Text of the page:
• Julie,

      “Making the choice to not give up” is so important. You have a great mindset.

      I think many people try and avoid failing or making mistakes because they think it’s a bad thing. While in fact it can be a growth opportunity. Thank you for adding to the topic.

  6. You’ve only lost if you allow failure to cause you to quit. We all experience temporary failures on the path toward our goals, don’t let them stop you.

    Great Post!

    • Larry,

      That’s a great book. I read it about 4 years ago and I should read it again.

      Great point about letting ‘Failure show you the direction to go in.” Thanks for sharing.

  7. I think learning from the failure is such a crucial point. I’ve failed more times than I can count in so many different ways – and as long we learn, we keep moving forward.

    • Loren,

      If we want to be moving forward then failing is a part of the process. It’s a great personal growth process: keep failing and making mistakes, learning from it, and moving forward.

      Thank you for reading and sharing.

    • Tyler,

      Great point. It shows we might see a lot of failures before seeing any sign of success. Lincoln is a great example of this. Thank you for stopping by and commenting.

  8. Dan, after failure I would probably break down where I went wrong. What was the trigger that caused the failure and try not to do that again. I love this story of Abraham Lincoln because I don’t think many people know how many times he failed. Most people only know him as President of the United States. And you know what that goes to show you? It really never matters how many times you fail, just how many times you get back up. Thank you for this post.

    • Lincoln Parks,

      Great additional thoughts. It would help to “break down what happened” and “find the triggers that caused the failure.”

      It shows that we will mostly be remembered for our successes and not our failures. Often though getting to success requires failing and making a whole lot of mistakes.

      Thank you for sharing and adding to the conversation.

  9. Excellent post. It was a great reminder. I learned the principles you listed several years ago. I made a terrible business decision that cost me a lot of heartache and money. I tried to make it work, but it was not until I acknowledged I had failed that I was able to move forward. I am not going to lie it was hard to maintain a positive attitude during that stretch. Eventually I was able to perceive my situation differently. I have had the opportunity to share that experience with hundreds of people and help them to not make the same mistakes. I have had other failures, but I have learned to deal with them and move on because life doesn’t stop.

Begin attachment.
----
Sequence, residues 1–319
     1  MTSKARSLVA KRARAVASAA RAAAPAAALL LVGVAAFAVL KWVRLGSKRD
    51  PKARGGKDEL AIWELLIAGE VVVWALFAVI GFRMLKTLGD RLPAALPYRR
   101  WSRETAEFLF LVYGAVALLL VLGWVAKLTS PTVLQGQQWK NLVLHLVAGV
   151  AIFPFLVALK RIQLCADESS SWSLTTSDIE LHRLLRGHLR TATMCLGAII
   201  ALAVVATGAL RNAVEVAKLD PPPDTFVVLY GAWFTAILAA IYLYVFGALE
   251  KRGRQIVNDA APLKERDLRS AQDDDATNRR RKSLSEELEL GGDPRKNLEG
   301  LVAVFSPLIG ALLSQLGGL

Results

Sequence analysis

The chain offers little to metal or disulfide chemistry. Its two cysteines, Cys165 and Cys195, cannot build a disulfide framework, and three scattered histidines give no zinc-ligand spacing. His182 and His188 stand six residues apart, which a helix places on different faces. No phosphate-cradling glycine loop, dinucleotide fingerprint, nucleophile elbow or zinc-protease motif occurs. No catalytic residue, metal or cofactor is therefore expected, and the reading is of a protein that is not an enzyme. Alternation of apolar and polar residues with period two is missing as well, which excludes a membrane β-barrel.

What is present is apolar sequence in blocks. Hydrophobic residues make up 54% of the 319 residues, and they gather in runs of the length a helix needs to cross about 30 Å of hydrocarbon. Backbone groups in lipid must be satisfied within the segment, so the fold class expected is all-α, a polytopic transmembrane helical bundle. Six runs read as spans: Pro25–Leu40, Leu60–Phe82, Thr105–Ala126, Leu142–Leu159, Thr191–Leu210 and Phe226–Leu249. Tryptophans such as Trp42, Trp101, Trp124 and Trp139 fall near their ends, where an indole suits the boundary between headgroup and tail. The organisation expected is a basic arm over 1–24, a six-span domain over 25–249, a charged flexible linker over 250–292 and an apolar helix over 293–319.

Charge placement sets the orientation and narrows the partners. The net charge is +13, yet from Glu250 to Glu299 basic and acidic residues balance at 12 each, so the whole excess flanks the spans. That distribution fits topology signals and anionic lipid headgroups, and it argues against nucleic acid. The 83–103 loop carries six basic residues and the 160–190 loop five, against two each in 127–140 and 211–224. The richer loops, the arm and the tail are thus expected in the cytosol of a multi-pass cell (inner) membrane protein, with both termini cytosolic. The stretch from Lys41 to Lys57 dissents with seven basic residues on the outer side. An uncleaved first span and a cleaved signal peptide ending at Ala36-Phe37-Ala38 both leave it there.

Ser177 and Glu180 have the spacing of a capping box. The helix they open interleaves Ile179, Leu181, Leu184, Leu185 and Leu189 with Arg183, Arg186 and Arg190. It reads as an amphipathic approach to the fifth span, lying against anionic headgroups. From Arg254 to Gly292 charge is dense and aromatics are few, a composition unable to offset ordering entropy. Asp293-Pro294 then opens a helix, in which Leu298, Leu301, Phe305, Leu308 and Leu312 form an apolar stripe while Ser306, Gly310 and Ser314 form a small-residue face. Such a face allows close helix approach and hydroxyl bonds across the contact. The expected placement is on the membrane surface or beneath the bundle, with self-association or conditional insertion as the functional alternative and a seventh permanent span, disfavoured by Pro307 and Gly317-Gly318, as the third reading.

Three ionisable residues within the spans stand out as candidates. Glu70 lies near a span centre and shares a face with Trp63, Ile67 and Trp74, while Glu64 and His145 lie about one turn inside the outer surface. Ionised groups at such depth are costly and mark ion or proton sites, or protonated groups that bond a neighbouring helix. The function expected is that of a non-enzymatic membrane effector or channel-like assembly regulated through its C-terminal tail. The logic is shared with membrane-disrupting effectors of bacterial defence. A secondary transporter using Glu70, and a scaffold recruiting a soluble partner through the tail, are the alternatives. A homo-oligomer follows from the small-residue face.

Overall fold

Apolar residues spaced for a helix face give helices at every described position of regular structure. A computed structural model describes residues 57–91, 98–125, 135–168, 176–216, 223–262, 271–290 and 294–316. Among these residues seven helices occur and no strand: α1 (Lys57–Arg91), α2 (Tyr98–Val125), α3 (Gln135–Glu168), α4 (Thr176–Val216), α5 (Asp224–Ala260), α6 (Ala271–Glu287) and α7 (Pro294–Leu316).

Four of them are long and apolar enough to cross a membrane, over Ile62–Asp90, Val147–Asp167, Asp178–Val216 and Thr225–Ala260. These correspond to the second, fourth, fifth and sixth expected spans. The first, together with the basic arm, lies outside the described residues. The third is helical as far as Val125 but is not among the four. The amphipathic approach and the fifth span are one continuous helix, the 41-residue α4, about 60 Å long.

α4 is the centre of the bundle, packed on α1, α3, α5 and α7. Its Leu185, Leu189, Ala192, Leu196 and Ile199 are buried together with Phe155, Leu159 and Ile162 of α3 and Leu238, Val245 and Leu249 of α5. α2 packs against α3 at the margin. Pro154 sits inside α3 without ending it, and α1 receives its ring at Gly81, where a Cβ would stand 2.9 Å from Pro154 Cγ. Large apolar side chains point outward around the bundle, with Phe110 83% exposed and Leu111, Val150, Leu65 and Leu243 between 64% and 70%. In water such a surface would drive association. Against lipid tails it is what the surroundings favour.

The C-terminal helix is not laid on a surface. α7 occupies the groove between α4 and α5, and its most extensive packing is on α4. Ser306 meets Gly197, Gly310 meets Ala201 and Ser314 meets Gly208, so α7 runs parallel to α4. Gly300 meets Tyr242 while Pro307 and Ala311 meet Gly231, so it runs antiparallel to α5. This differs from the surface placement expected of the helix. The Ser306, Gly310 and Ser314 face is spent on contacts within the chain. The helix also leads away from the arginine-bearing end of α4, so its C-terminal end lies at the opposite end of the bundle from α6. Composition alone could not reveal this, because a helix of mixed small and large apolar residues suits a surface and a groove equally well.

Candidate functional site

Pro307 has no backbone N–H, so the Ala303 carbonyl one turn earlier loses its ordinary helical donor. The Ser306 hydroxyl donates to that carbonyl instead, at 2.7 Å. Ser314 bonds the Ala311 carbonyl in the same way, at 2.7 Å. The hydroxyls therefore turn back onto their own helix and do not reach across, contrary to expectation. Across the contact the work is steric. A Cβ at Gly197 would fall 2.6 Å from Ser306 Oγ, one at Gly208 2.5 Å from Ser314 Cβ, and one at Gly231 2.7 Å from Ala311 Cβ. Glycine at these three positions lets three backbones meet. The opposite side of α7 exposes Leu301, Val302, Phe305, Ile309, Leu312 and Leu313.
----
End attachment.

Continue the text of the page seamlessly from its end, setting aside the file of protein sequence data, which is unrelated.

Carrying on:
• Bernard,

      Thank you for sharing your experience with a failure. It’s great to hear you made it through it and now are sharing it to others.

      Powerful things start happening when we share personal failures with others. Thank you for reading and sharing.

  10. I’d add #1 – Expect Failure.

    Each time I do something for the first time, I end up figuring out at least a few things I’ll do different the next time. This means that every time I do something for the first time, there is some sort of failure attached to. I’ve learned to accept, and even embrace, this reality. By doing so, the other 5 items you listed are experienced more significantly!

  11. Yes, failing forward is a huge key to becoming successful. Those failure lessons burn a little deeper in our minds, and correct our course for the next project.

    Of course we must learn from the failure for it to be effective.

    The only people without failures are those who never started.

    • Cole,

      Such a true statement, “only people without failures are those who never stated.” When I see successful people who have achieved a lot I also see someone who has failed. Thank you for taking the time to read and share.

  12. Dan, one principle about failure that I haven’t seen mentioned yet is that failure doesn’t define you. So many people cannot see it as only a failure but a certification that they themselves are a failure. If we view ourselves as a failure, we cannot learn or move past failures.

    God did not create failures. We were created from conception to do good works. As we realize this is who we are, we can then see mistakes as training ground. People who know who they are can take calculated risks. Risks by nature may fail, but they also allow us to reach new heights.

    As the Olympics are about to start in a couple months, let us be reminded of how many falls, defeats, and injuries have happened along the way for each athlete that made it there. These are the best athletes in the world. They didn’t let failure define them, but believed they had what it takes to be the best.

    • Kevin,

      Great point. A failure defiantly does not define us, only if we chose not to let us. I think it helps to remember your statement, “God did not create failures,” when going through a failure or mistake. Thank you for reading and adding to the conversation.